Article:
Danger Lurking in your Refrigerator

You want to improve your health by eating better. With the best of intentions, you load up your shopping cart each week with lots of colorful fruits and veggies. Unfortunately for many of us, life gets in the way, and instead of cooking up those beauties, they sit in the fridge until they’re no longer good to eat. Into the trash they go. It’s sad, but Americans throw out about 19 billion pounds of fresh fruits and veggies every year. Then there’s the other stuff in the refrigerator – some have expiration dates (like, milk, yogurt, cheese, and hummus) while others don’t (think about those leftovers). Food that’s past-it’s-prime or improperly handled is usually teeming with bacteria, like e.coli or salmonella, and eating it is just a recipe for a nasty viral infection. How do you keep yourself safe without wasting too much food?

FOOD STORAGE 101

Do you know how to properly store your fruits and veggies? Not everything has to go straight into the refrigerator. Some fruits, especially berries, actually taste better at room temperature. Here’s a quick lesson on where to store your food:

Refrigerate Immediately

  • dairy, meats, nuts, seeds
  • berries, unwashed (bring to room temp before eating)
  • ripe fruit, cut-up fruit
  • greens, onions (helps to decrease crying when cutting), most veggies
  • whole grains – brown rice, quinoa
  • fresh herbs – remove from package and wrap in a damp paper towel. For herbs like parsley and cilantro, trim the bottom with a kitchen scissor and place into a cup of water

Store at Room Temp until ripe, then refrigerate

  • tomatoes
  • pineapple, mango, pears, peaches, avocado, apricots, apples, bananas, kiwi, citrus fruit, watermelon, cantaloupe, papaya

Store at room temp

  • potatoes, sweet potatoes, ginger, garlic
  • bread (refrigerate or freeze if not going to use a whole loaf)

Freeze

  • meat, poultry, fish – wrap in a freezer-safe zip top bag and try to remove as much air as possible. Date the package and try to use within 6 months
  • cooked beans and grains – after you make a big batch, drain them well and divide up into smaller portions and place into freezer zip-top baggies. Flatten them out so you can store them stacked in the freezer
  • bananas – when they become super-ripe, peel them and freeze in zip-top bags. Great for making smoothies.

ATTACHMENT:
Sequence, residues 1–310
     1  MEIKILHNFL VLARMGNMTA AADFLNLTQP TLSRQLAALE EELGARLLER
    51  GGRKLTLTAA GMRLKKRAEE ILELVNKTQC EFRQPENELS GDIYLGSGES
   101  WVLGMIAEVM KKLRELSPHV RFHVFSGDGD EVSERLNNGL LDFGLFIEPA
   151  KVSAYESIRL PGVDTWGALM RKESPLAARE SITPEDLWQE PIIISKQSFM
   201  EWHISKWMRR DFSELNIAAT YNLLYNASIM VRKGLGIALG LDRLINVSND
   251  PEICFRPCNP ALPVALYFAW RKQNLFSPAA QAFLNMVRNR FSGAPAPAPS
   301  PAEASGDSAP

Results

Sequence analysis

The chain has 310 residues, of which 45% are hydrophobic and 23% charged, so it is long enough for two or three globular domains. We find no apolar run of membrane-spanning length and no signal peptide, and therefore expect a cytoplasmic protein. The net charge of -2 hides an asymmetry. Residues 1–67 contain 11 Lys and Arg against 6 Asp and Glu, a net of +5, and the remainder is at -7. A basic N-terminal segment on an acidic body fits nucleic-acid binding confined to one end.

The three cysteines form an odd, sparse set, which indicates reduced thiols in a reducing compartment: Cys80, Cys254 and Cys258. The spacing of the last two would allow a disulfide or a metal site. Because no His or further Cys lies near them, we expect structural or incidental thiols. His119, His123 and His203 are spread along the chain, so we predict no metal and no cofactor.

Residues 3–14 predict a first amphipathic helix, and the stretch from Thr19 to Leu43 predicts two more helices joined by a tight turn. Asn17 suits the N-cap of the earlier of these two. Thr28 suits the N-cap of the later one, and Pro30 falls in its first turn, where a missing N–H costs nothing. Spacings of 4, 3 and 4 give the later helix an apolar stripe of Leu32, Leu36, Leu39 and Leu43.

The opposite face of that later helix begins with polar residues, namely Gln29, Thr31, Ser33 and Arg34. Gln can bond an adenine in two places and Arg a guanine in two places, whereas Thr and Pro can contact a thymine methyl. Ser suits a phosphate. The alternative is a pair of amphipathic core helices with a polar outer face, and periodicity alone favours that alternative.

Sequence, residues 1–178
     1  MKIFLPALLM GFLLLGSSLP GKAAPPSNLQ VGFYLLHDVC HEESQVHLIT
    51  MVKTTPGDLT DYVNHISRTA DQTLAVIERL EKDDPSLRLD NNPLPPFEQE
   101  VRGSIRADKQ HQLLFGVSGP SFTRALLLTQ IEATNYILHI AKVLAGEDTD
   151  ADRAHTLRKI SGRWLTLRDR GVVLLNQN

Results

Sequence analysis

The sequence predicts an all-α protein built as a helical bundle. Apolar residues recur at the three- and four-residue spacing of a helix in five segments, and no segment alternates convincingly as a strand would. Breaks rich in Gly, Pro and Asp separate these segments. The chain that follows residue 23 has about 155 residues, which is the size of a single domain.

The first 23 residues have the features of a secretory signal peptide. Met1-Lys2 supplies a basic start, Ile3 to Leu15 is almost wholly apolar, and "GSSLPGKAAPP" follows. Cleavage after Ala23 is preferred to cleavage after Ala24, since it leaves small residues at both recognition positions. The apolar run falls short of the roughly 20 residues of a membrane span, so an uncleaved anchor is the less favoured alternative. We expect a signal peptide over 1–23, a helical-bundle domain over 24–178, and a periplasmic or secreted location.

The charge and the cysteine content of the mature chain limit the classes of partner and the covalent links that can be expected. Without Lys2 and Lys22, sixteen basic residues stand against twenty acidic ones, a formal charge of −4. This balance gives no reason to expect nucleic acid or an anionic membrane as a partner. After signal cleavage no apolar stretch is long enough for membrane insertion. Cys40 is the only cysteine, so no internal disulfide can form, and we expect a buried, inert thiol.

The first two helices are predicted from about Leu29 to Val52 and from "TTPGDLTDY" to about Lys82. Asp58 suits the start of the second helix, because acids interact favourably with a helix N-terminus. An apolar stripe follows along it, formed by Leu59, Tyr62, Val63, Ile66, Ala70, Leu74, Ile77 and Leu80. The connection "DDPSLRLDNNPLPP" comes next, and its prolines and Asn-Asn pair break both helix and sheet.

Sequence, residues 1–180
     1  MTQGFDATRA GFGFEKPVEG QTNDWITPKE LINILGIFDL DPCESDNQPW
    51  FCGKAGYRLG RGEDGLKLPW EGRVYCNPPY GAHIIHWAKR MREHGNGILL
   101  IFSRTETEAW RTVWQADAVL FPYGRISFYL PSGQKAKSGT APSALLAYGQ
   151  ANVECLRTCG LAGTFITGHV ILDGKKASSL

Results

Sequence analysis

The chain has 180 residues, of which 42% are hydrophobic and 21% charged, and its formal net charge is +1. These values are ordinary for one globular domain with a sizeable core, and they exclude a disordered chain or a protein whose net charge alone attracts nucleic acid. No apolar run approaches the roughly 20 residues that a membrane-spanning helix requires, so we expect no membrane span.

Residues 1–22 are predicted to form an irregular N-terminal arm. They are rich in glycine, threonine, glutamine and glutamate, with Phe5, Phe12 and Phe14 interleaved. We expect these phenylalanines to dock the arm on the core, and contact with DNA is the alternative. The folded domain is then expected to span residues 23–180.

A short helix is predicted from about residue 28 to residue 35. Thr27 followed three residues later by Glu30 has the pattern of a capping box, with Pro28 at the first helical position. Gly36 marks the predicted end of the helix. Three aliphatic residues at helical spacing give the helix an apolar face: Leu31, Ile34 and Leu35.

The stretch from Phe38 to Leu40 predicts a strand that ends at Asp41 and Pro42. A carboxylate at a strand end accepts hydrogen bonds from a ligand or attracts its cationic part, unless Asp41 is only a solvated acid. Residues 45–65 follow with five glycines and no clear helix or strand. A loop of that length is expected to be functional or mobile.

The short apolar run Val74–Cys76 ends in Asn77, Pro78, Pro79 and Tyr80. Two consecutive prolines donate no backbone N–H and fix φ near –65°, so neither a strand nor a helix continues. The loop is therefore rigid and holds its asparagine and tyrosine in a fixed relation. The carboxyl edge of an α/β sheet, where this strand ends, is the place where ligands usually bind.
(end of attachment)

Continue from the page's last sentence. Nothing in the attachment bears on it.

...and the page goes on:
• fresh herbs – extra herbs should be washed and dried before being placed into zip-top bags. Pull them out for future recipes, such as soups, stews, and sauces.
  • bread crumbs – grind up leftover bread in the food processor and place into zip-top bags. Use in recipes such as turkey meatloaf or to create a crumb coating on chicken or turkey cutlets or fish fillets.

FOOD SAFETY 101

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When people experience gastrointestinal distress (vomiting, diarrhea), they usually think they have the stomach flu. There’s actually no such thing. What they really have is some form of food poisoning brought on by improper food handling. To prevent falling victim to these bugs, you need to know how to handle and store your food.

  • Wash your hands with warm-hot soapy water for at least 30 seconds and dry thoroughly.
  • Don’t cross-contaminate – use separate cutting boards for produce and proteins and of course, a completely other board for raw meats. Wash your knife with hot, soapy water when switching between different foods and wash your hands after handling raw meat.
  • Cook meat to the proper internal temperature (use a food thermometer).
  • Do not let cooked food sit at room temperature for more than two hours. Get it stored in sealed containers as soon as possible and into the refrigerator. The bacterial “hot zone” is between 40 and 140 degrees- it multiplies quickly at those temperatures.
  • When packaging up hot food, like soup and stews, it’s better to package it into multiple, smaller containers, rather than one large container, so that it cools down faster.
  • Reheat leftovers so that they reach a temperature (over 140F) that will kill any bacteria.
  • The “sniff” test is not accurate at determining what is safe to eat. General rule: throw out any cooked proteins after 3 days in the fridge and and dairy that’s been open for more than 1 week.

 

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